Comparison of outcomes showed that the early morbidity and mortality was similar in both groups. Overall, there was 10.5% mortality in the early postoperative period. Major causes included poor graft function, sepsis with multiorgan failure, and secondary hemorrhage. Three patients developed HAT. For 1 patient in the RHA group, the graft was saved by immediate surgery to refashion the anastomosis. The other 2 patients who developed HAT died soon after the event. Bile leak with sepsis was the cause of death in 7 patients.
Late strictures among survivors were more common in the RHA group compared with the LHA group (29.7% vs 22.7%) during follow-up, although this difference was not statistically significant. Most (~80%) of the strictures were managed effectively by endoscopic stenting. Two patients in each group required Roux-en-Y hepaticojejunostomy (Table 3). To mitigate the common confounding factors related to the quality of the graft, subgroup analysis was performed among the patients who received MRL grafts with a single duct and GRWR ?0.8. The CIT and WIT were comparable in both groups, and there was no significant difference in the duct size. Bile leak, mortality, and incidence of late-onset biliary strictures were less common in the LHA group, although the difference was not statistically significant (Table 4).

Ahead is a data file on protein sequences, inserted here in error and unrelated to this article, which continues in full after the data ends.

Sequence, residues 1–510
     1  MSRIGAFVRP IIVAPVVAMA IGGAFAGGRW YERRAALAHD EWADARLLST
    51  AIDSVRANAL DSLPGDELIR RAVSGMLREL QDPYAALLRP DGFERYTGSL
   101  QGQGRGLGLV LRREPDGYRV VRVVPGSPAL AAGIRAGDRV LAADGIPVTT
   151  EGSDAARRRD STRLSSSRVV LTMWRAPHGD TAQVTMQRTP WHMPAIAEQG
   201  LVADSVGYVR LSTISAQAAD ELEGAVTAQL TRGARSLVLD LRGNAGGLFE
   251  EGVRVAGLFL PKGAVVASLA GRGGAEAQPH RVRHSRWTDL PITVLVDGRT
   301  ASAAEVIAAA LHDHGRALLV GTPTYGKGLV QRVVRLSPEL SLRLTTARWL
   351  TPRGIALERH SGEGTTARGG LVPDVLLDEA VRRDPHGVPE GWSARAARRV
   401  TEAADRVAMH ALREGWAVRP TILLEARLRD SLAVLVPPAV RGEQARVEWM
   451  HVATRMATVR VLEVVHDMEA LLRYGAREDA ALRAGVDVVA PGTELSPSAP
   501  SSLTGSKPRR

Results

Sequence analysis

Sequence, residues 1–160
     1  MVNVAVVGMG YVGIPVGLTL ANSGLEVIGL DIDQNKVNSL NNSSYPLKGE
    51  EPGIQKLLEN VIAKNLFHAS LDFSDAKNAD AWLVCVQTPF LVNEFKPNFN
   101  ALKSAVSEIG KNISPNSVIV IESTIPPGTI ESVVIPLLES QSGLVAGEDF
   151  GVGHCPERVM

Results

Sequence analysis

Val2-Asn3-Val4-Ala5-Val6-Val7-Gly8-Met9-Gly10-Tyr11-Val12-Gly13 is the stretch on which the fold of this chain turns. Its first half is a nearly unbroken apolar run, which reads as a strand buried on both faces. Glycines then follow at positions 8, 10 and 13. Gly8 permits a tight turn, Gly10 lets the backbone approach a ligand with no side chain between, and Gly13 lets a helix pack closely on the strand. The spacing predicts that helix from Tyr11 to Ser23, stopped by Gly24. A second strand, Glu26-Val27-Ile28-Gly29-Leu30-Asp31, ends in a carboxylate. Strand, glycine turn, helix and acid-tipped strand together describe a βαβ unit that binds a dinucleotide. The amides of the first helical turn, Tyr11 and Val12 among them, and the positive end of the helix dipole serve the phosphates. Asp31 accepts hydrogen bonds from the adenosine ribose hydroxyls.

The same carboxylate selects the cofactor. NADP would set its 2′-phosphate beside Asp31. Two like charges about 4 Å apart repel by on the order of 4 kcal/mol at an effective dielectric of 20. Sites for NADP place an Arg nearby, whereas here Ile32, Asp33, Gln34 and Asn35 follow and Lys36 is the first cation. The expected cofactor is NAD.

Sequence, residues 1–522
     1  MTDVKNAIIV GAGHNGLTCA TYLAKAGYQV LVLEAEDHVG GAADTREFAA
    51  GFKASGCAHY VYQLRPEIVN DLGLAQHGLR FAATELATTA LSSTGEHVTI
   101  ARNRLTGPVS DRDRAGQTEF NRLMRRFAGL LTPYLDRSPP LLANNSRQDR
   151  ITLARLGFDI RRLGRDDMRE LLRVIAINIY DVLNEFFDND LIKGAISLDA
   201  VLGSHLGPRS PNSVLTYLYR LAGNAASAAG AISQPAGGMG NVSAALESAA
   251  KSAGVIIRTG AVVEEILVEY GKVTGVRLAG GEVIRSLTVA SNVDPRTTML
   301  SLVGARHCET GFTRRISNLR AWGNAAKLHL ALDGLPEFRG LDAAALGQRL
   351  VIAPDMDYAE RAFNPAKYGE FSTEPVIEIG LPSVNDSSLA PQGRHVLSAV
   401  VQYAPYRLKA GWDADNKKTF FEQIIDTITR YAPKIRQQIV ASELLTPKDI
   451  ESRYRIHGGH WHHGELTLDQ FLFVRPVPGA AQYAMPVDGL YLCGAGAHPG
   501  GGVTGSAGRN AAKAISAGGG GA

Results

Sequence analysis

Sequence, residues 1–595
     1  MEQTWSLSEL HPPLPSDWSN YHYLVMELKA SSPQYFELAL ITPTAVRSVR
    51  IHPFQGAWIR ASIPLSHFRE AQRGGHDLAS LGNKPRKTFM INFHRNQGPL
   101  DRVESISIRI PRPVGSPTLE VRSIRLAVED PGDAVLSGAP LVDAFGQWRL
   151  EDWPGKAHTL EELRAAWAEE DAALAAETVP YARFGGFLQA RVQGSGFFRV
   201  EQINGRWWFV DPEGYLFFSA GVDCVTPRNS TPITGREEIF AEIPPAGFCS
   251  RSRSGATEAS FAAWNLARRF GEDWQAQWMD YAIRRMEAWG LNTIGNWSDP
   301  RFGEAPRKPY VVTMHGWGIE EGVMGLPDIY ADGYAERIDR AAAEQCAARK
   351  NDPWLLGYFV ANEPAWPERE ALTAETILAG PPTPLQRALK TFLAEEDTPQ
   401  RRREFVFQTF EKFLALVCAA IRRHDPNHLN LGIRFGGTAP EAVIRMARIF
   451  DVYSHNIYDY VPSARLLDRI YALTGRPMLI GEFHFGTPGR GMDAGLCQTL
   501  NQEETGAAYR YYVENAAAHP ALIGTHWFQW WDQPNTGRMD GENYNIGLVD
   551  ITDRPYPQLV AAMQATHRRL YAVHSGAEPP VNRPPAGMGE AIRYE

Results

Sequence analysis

This is one of the few prospective studies to evaluate the outcomes of the LHA and RHA of LDLT recipients for arterial anastomosis. Arterial reconstruction in LDLT is more complicated and challenging than in the deceased donor LT, and size mismatch is a key factor to be considered before reconstruction.7 The hypothesis of our study was that the recipient LHA was a better size match than the RHA for arterial anastomosis in right lobe liver grafts to achieve a satisfactory end-to-end anastomosis because (1) the orientation of the LHA in relation to the RHA of the graft allows a linear alignment of the arteries and (2) the size of the LHA in patients with liver disease usually matched that of the RHA of the liver graft. All of these aspects of the LHA procedure serve to reduce the risk of arterial complications, reduce turbulence across the anastomosis, and thereby improve the graft perfusion. Arterial anastomosis has been extensively studied, as it is a key factor for a successful transplant outcome. Researchers worldwide have suggested several techniques to match the size of the vessels in LT, especially in children where the left lobe and segmental4 grafts are used.8 Haberal and colleagues have demonstrated that smaller arteries or multiple arteries may not increase the complication rates, and they have suggested various techniques to enable a better match of the arterial lumen, especially the smaller vessels.9 There are few reports on the use of the splenic artery10 in children where the graft artery is larger than the recipient hepatic artery. However, instead of a graft or other techniques to match the size of the arteries, the option to consider the LHA as the first choice may avoid unnecessary manipulation of the arteries during an interposition graft procedure or any other size-matching techniques. The LHA procedure is also a worthy option if other techniques fail. Although there are other factors associated with the development of vascular complications (eg, a female recipient or metabolic liver disease as the cause of liver failure), we did not find any such association in our series.11